Sebastian Sylvan sebastian.sylvan at gmail.com
Thu Dec 1 18:33:30 EST 2005

```On 12/1/05, raptor <raptor at tvskat.net> wrote:
>
> |
> |A good start is to write a function which returns the first split, as
> |well as the remainder of the string as a tuple.
> |Then you can use this function over and over on the remainder of each
> |call until it is "".
>
> ]- that is the problem :"), 'cause such functions should accept
> Char and String, but return a Tuple of Strings, but it is recursive (so that it
> fetch next,next,next char :)) i.e. it is own "consumer" and should return String
>
> --this is wrong, just tring
> grab char (x:xs)
>         | x /= char = (x : grab char xs, xs)
>         | otherwise = ([],[])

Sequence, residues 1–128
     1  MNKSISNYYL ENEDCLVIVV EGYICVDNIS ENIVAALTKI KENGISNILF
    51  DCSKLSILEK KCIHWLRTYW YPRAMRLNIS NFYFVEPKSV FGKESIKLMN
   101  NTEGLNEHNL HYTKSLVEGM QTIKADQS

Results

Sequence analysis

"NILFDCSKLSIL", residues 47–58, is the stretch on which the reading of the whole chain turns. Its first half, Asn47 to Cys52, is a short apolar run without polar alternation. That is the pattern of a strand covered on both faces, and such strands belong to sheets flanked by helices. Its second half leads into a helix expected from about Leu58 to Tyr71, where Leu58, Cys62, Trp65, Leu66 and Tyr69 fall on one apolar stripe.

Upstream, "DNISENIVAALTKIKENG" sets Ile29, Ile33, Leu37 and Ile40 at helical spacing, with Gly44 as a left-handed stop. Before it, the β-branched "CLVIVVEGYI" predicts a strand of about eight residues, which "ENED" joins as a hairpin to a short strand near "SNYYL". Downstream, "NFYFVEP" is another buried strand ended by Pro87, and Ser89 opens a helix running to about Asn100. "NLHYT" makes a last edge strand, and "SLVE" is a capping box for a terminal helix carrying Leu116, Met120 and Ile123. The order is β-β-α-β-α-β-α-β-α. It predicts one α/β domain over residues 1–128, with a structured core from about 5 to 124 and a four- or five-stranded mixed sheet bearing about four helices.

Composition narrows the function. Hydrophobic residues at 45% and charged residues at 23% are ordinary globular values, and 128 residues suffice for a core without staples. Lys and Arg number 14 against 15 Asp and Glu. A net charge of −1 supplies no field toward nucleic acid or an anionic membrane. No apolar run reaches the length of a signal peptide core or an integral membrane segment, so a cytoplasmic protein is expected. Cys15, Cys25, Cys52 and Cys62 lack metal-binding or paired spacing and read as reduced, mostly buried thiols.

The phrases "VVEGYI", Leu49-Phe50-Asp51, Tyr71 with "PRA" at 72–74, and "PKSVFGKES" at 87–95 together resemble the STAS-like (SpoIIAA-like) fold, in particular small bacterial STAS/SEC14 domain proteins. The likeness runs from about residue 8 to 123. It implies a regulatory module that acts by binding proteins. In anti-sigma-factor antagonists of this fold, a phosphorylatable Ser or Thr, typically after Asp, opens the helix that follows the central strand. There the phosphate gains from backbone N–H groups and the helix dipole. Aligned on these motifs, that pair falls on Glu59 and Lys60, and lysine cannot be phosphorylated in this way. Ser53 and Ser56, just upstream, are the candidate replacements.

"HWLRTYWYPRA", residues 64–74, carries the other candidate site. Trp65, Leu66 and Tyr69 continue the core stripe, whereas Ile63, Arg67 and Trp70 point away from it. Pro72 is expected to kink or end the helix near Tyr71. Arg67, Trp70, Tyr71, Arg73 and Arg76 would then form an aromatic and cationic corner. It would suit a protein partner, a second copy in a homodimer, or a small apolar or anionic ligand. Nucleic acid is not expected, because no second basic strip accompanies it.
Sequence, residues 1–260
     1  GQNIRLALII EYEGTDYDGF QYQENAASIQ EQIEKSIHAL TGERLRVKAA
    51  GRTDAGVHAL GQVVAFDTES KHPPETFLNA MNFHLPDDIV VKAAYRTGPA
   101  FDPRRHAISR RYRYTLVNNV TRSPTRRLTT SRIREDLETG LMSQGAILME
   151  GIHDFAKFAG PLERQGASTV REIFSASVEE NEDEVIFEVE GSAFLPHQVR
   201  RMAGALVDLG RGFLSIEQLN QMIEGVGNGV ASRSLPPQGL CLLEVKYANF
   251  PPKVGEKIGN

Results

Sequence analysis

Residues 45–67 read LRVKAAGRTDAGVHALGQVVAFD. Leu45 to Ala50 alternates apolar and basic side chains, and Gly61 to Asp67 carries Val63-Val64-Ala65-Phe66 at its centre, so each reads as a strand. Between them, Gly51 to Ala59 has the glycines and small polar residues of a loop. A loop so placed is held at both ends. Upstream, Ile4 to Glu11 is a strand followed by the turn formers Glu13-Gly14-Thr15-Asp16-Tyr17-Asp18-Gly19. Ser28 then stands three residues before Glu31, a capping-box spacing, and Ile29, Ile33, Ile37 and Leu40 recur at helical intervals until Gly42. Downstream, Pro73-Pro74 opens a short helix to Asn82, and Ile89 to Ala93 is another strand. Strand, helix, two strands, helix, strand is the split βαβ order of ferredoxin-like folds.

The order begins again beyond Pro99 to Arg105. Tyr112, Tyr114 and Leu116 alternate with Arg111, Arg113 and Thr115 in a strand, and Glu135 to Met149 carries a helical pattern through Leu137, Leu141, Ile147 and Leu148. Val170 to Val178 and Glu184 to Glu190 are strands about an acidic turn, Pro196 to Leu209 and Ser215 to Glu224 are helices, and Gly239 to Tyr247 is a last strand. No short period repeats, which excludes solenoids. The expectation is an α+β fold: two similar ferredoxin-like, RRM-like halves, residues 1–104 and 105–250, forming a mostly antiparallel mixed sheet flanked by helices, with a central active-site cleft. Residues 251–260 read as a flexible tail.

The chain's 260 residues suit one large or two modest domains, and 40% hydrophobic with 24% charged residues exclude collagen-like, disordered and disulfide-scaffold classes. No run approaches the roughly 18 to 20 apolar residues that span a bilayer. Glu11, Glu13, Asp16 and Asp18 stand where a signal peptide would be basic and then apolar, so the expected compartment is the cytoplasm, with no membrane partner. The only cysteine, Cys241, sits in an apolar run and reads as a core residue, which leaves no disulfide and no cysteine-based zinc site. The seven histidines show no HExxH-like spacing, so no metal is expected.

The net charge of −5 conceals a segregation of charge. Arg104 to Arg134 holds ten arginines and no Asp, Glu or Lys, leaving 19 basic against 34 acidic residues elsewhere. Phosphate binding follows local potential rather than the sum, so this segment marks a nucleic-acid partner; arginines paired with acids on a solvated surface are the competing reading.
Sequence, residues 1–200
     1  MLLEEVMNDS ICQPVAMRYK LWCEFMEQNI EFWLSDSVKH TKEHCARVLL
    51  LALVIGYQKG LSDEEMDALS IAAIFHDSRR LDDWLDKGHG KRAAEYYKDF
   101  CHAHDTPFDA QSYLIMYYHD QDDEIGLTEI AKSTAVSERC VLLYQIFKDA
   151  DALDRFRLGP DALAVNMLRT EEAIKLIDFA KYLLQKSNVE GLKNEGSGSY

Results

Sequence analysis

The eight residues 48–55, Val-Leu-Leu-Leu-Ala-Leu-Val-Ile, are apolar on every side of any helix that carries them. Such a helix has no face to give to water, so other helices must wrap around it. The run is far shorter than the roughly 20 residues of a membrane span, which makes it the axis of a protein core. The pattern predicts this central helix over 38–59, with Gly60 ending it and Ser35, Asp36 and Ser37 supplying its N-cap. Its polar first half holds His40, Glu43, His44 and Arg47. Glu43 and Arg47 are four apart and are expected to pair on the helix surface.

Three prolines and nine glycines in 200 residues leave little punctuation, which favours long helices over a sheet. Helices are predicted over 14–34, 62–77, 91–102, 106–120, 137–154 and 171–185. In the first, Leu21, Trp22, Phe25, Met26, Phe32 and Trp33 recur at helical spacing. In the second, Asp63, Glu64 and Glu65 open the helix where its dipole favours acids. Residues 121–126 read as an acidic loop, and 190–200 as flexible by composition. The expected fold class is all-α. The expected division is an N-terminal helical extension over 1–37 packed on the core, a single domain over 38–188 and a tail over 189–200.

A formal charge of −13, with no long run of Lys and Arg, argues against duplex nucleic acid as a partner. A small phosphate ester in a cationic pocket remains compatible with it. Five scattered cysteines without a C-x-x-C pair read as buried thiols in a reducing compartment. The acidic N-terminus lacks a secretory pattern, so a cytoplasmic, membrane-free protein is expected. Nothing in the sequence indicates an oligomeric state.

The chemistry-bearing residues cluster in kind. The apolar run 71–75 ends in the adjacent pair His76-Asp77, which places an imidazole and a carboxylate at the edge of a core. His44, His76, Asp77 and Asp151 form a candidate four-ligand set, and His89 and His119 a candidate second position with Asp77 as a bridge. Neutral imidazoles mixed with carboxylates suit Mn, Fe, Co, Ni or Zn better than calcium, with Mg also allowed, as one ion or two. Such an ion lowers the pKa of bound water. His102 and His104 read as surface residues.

I'm not going to give you a solution, since I suspect this is homework.

But consider this hypothetical (and utterly nonsensical) function

foo :: [Int] -> ([Int],[Int])
foo (x:xs)
| x < 5 = ([x] , ys)
| otherwise ( 5 : ys, rest)
where (ys, rest) = foo xs

I mean, this function doesn't do anything useful at all, so don't
bother trying to figure out what it does :-)
But the point is that you can still use recursion even if the result
of the function is a tuple. Just put the recursive call in a
where-statement (it won't get evaluated unless needed, laziness buys
us that), and pattern match against the contents of this tuple.

Of course, this can be written using the higher order functions
dropWhile and takeWhile, as well, but maybe you're required to write
it from scratch?

/S

--
Sebastian Sylvan
+46(0)736-818655
UIN: 44640862
```